The past ten years have seen so many new forms of marketing. It’s hard to keep up, and that means we’ve lost sight of a lot of old and golden rules. Let’s look at some of those old school restaurant marketing strategies, and combine them with new tools for a unique marketing advantage…
There’s so much to gain and so little to lose. Print newspapers and magazines are still prioritized over digital media in some niche areas of our cities. On public transit, in coffee shops, on a walk through the city – these are places where picking up a free magazine or browsing the local paper still happens. Not all newspapers have seen such a big decline in home-delivery subscribers either. In fact, the New York Times recently saw an increase in their Sunday subscriptions after introducing a new digital paywall.
When people don’t have time to research a business they rely on reviews and recommendations. Tweet This
Landing a positive review in print gets your name out to people who like to engage with the real world. The types of people who read local print media are more likely to connect with the businesses in their city. They’re more likely to get out and visit new restaurants with positive reviews.
The beauty of print reviews is that they can also be turned into online reviews. Most publications have online versions, but you can also add your own press quotes or images to your website. There’s an enduring respect connected to print reviews that’s complimented by online content.
Start with an internet search of similar restaurants that have been reviewed in your area. Make a list of the authors’ and their contact info, then phone or email them with a personal invite!
Your potential customers are receiving less mail as most companies switch over to email and social networking. Restaurants can still benefit from direct mail because it’s more visible, leaves more room to innovate, and gives the opportunity to offer special incentives. Especially restaurants with a local presence and ownership can make an impact in neighborhood mailboxes.
Get creative with physical mail. Don’t use the classic flyer format that bombards the reader with info. Use a simple and memorable design that communicates a sophisticated message.
Also remember to incorporate your website or other online tools into physical mail. If your restaurant offers online ordering, you can include a little note in your print materials, “Online Ordering Available!”.
While creating your direct mail campaign, keep in mind that the current market is more socially and environmentally conscious. Using less bulky, recycled materials and hand-delivery to your restaurant’s surrounding residences and businesses will go a long way. Also find out if your community has a newsletter that you can place an advertisement in. People are craving that personal, responsible connection in our digital world.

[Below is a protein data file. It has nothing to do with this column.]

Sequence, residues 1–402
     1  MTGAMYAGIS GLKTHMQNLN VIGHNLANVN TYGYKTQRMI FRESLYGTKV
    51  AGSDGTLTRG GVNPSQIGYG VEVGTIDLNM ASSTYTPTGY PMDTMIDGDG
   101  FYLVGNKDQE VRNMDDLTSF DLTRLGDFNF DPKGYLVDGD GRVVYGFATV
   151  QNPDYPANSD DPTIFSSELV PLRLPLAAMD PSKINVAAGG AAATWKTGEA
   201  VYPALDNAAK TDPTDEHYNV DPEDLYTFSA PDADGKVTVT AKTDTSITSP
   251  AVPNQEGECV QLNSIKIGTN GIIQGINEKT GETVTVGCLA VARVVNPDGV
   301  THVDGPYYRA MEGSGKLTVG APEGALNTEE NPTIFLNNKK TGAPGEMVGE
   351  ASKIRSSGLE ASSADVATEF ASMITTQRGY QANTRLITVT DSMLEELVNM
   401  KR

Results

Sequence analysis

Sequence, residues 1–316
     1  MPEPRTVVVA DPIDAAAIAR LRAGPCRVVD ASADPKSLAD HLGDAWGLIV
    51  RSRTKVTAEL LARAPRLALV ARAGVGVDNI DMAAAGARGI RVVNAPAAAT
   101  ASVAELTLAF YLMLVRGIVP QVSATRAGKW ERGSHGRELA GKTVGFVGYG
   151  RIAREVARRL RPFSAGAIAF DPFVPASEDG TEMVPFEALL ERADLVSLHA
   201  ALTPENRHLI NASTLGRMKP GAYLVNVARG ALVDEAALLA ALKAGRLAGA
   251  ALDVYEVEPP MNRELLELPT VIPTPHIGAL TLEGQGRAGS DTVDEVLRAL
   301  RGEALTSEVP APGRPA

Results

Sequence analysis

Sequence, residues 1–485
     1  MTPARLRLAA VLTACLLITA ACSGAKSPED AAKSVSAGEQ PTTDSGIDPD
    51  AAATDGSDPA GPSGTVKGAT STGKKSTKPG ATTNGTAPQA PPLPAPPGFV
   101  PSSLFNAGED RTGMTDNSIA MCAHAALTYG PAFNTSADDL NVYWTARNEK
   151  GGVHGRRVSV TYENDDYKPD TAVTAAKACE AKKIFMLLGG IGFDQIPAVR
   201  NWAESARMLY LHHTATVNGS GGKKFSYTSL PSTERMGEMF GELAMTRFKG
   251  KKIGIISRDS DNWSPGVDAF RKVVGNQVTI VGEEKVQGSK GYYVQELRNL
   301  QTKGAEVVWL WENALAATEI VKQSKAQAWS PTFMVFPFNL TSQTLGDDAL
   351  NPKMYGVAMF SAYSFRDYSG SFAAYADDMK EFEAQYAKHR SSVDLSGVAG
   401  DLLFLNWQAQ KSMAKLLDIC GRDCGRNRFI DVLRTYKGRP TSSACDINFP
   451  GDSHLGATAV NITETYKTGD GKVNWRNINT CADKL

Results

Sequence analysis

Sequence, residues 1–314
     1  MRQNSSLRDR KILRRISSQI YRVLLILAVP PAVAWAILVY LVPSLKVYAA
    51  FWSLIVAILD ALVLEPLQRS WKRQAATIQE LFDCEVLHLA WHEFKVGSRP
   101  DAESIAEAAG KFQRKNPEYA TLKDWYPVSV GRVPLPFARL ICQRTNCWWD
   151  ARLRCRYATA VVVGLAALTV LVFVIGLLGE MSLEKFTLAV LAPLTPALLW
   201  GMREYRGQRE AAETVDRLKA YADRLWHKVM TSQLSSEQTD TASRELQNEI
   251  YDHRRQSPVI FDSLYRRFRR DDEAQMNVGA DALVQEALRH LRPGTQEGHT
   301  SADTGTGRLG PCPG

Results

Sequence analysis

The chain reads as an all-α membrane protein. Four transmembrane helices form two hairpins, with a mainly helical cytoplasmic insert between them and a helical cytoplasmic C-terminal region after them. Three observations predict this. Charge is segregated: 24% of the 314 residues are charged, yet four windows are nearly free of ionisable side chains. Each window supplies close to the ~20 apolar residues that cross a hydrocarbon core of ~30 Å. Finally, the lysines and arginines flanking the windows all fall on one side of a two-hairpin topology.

So many times I’ve caught myself staring at my local coffee shop’s corkboard, vacantly waiting for a morning latte. Sometimes I read those community flyers three or four times without even realizing it. The message sticks, though, and so could yours.
For cafe or small-business settings, a simple business card or postcard with a photo and your restaurant name is enough. Some businesses will let you leave a card by the register, or they’ll have a separate table for community business owners to leave their material. Even more valuable is the networking experience of physically visiting the businesses in your community. Make sure you take every chance to interact with fellow business owners and managers. Ask in person if it’s okay to leave a few postcards.
Again, an internet search can be a big help in this strategy. Look up local cafes, community centers, guest houses, clothing stores, and any other small business whose brand image aligns with your restaurant. Spend an afternoon going from place to place and making those invaluable real-life connections.
People might be using their phonebooks as doorstops and kindling, but business directory listings can still be a powerful marketing tool. Visitors who aren’t familiar with your city are particularly likely to rely on printed information as they explore the city. Go to a nearby hotel, pick up the visitors’ guide booklet, and find out what it takes to get your restaurant’s name listed.
Also remember to scope out all online directories related to your restaurant. Start with your local YellowPages category. Pay attention to any lists that focus on your specific city or neighborhood. Google Maps is a form of online directory will create a huge boost to your visibility. If a pin for your restaurant doesn’t show up on a local map search, go fix that now! It only takes a few minutes, and it’s free.
Don’t give up on traditional marketing just yet. While everyone’s putting on their Google Glasses, take your chance to leave an impression the old-fashioned way.
Do you want to take your restaurant to the next level? Tour Restaurant Engine and learn about how you can have your very own restaurant website.